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Integrating the Arts


Reports from research around the world continue to extoll the importance of arts education. Whether it is the role of dopamine in engaging learners K-12 (music gives our brains a surge of the much beloved chemical) or the growth of empathy found in British students who spent one hour per week during a year’s time playing instruments together, research findings about the many ways that the arts improve learning and readiness for college and careers is news we can use.


The fiscal concerns in many districts threaten the arts and have done so for a long time. This module has two goals. One is to learn more about the solid research showing the connections between the arts and learning, engagement, and other positive human attributes. The second is to learn the research-based strategies for infusing arts across the curriculum.


Instructors will share information about successful practices derived from research projects with national arts integration communities as well as universal design projects incorporating art with museum research for all students, including students with disabilities. Participants will review and critique arts integration rubrics and discuss possible uses for their particular schools. Additionally, participants will design a lesson for an arts-infused unit in their domain of choice.


Key Points

  • In order to successfully integrate the arts into instruction, school leaders should become strong advocates for the arts and learn about recent, valid, and rigorous research findings.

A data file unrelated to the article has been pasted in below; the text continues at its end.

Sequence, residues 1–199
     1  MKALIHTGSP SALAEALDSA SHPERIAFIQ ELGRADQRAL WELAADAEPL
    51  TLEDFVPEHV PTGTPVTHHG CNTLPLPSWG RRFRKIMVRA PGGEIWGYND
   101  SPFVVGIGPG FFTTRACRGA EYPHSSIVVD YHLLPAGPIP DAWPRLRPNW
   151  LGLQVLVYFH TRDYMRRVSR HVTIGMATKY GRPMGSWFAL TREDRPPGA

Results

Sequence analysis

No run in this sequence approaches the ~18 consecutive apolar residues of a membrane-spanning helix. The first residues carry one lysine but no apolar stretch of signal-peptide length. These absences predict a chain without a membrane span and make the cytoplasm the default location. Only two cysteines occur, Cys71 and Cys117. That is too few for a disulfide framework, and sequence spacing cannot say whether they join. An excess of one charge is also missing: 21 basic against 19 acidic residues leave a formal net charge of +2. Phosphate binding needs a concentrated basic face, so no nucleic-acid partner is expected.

• Students deserve the best education we can provide; integrating the arts across the curriculum will give students fresh opportunities to comprehend and learn material.




3 hours




Dr. Christine Mason, Reem Labib, Orinthia Harris, and Suzan Mullane


Christine Y. Mason, Ph.D., is Founder and Executive Director of the of Center for Educational Improvement. She is a nationally recognized expert in the area of educational reform, principal leadership and mentoring, and heart centered learning. She has 17 years’ experience as a yoga and meditation teacher. Mason has authored more than 100 books and articles, and given over 500 national, international, regional and local presentations. Her Ph.D. is from The University of Ohio.




Reem Labib, M. Ed., is an education consultant focused on school improvement and school reform efforts both in the United States and the Middle East. She has participated as a team member in school quality reviews for seven years, evaluating schools serving students in grades PreK-12. Labib holds a bachelor’s in psychology from The George Washington University and a master’s in education specializing in curriculum and instruction with a focus on multicultural education from George Mason University.

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